Raising European funds has become a priority objective for large Spanish companies, most of them with sufficient resources to plan attractive and bankable projects. But those who most need these aid not only to boost their business, but fundamentally to survive, are small and medium-sized companies because, like it or not, there will be things after the pandemic that will never be the same again. E-commerce has exploded, while physical sales continue to fall. Many small shops they will have to reinvest to offer their products through the networks. The physical travel agencies, which already had difficulties to survive in the face of the internet boom, have received the final lace with the pandemic, and so on and on. Never for small and medium-sized Spanish companies has the slogan ‘transform or die’ been more relevant than today. And, without a doubt, European funds are a great opportunity and can become a lifeline for many of these companies.
The figures speak volumes. At the beginning of the confinement, after the outbreak of the pandemic, the productive fabric suffered a severe blow. Only between March and April 91,000 companies were destroyed. Almost 60,000 recovered by the end of the year in the heat of the economic recovery, but the beginning of the year has once again been dramatic for the business world. The third wave and the closures in restaurants and commerce imposed in many autonomous communities have meant a new bump for most of the regional economies at the beginning of the year. In just two months, another 20,000 companies have been destroyed, thus the balance of a pandemic year is settled with the loss of more than 48,000 companies. And it is also curious that in percentage terms the worst figures do not affect micro or large firms, but small and medium-sized ones, those with between 10 and 250 workers. The reduction in these cases exceeds 6%. And how could it be otherwise the sector most affected has been the hospitality industry, in which one in eight companies have disappeared; followed by artistic and entertainment activities, where 10% of the total has been lost, and transport, with a reduction of almost 8%, according to the figures released this week by Cepyme, the employer’s association for small and medium-sized companies. .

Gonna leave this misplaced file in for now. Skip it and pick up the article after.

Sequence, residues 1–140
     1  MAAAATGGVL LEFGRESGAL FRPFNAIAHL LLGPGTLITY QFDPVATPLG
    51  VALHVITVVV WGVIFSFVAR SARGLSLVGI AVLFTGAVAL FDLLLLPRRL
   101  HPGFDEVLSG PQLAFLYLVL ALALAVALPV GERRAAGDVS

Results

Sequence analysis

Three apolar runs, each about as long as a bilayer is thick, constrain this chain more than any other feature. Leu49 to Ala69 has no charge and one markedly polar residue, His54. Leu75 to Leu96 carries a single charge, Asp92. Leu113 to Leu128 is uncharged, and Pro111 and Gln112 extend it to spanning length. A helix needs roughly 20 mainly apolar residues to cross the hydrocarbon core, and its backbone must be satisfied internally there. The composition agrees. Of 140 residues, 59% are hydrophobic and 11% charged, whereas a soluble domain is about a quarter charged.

This X-ray of the sector is a good example of how the Spanish business fabric has suffered with particular virulence the crisis triggered by the pandemic. The fact that Spanish SMEs are smaller in size than their European counterparts explains, in part, this greater impact. On average, a company in Spain has 4.7 workers, below the 5.7 in France, the 11 in the United Kingdom and the 11.7 in Germany. And this smaller size makes them less productive and resilient to the situation. If we add to this the stinginess of the measures approved by the Spanish Government vis-à-vis our European partners, the situation facing our productive fabric is explained.
The direct aid approved on Friday by the Council of Ministers, if applied with the proper criteria and not wasted on zombie companies, and a good use of European funds to carry out the necessary digital transformation, can be a turning point and hope for many companies. Furthermore, the Government should take advantage of it to reward, rather than punish, the increase in the size of our companies.